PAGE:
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POLICE REFORM BILL WILL UNDERPIN WIDER MODERNISATION

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The Police Reform Bill reflects the government's commitment to ...
The Police Reform Bill reflects the government's commitment to

ensuring the police service is able to do its job effectively and

underpins the police reform programme already developed with the

police service, home office minister John Denham said today.

The Bill will provide the legislative framework for modernising

policing and is part of a wider agenda for reform which includes for

example video ID parades and the introduction of pilot video

recording of interviews.

Video recording of police interviews with suspects will be piloted

from tomorrow as part of government plans to modernise police

procedures and provide a more reliable interview record for the

courts.

This follows the introduction of video identification parades to 10

robbery hotspots to help police identify suspects more swiftly and

speed up the criminal justice system.

Mr Denham confirmed the government's intention to reintroduce powers

of detention for community support officers and powers to intervene

on behalf of communities where policing is failing and, following

defeats in the lords.

He said he welcomed today's home affairs select committee report on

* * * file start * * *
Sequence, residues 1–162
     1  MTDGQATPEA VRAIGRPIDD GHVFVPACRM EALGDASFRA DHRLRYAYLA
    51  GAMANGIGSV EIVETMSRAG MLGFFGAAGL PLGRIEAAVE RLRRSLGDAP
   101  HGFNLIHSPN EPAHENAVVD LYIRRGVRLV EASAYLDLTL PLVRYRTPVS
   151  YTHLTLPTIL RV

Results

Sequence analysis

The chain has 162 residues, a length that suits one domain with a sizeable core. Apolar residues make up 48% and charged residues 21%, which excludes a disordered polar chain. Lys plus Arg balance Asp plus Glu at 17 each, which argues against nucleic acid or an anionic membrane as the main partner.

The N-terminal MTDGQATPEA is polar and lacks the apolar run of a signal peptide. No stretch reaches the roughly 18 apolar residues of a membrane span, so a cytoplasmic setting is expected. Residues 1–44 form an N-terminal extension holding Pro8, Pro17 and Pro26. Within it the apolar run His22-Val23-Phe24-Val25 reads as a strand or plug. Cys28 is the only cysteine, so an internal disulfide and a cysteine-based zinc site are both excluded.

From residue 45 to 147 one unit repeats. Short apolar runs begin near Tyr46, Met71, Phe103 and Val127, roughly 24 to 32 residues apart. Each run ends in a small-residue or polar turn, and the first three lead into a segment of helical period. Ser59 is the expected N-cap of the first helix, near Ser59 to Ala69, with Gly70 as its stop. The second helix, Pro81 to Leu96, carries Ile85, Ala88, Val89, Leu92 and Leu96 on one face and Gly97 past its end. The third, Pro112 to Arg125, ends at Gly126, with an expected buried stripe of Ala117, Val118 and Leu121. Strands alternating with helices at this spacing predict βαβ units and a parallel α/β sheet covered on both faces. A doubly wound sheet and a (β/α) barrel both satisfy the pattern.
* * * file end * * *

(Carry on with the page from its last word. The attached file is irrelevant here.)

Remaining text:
the Police Reform Bill, in particular the committee's recognition

that community support officers could play an important part in

supporting the police and that the powers the government is proposing

should be tested.

The government remained convinced that powers to tackle persistent

poor performance were required and noted the committee's welcome for

the extra safeguards for the proposed powers.

The Bill is an essential part of the government's police reform

programme, aimed at further reducing crime and the fear of crime and

raising the performance of the police service as a whole, he added.

Mr Denham said:

'Nothing is more important to local communities than the ability to

live free from crime, from anti- social behaviour and to live without

the fear of being a victim.

'The effectiveness of the police service is critical to achieving

this aim. Up and down the country, dedicated professional police

officers do a difficult and sometimes dangerous job well.

'Our proposals for reform are driven by the desire to better support

front-line officers in the work that they do. Recruiting record

numbers of police officers, tackling red tape and bureaucracy,

enhancing training will help officers provide an effective and modern

police service.

'Everyone has the right to expect high standards of policing ,

wherever they live. The government remains convinced that powers to

tackle persistent poor performance are required. Wide variations in

performance between forces need to be tackled by promoting good

practice, and where necessary, taking effective remedial action to

address poor performance.'

Key elements in the Police Reform Bill to raise policing standards

include:

- A National Policing Plan will set out the government's priorities

for policing, how they are to be delivered and indicators by which

performance will be measured.

- Regulations and codes of practice in relation to equipment and

practices and procedures will ensure that the best operational and

management policies for policing are applied consistently

throughout the service.

- Where a force or part of a force is failing the secretary of state

will be able to require a police authority to take measures to

remedy the situation

- Reintroduce a power for the secretary of state to direct chief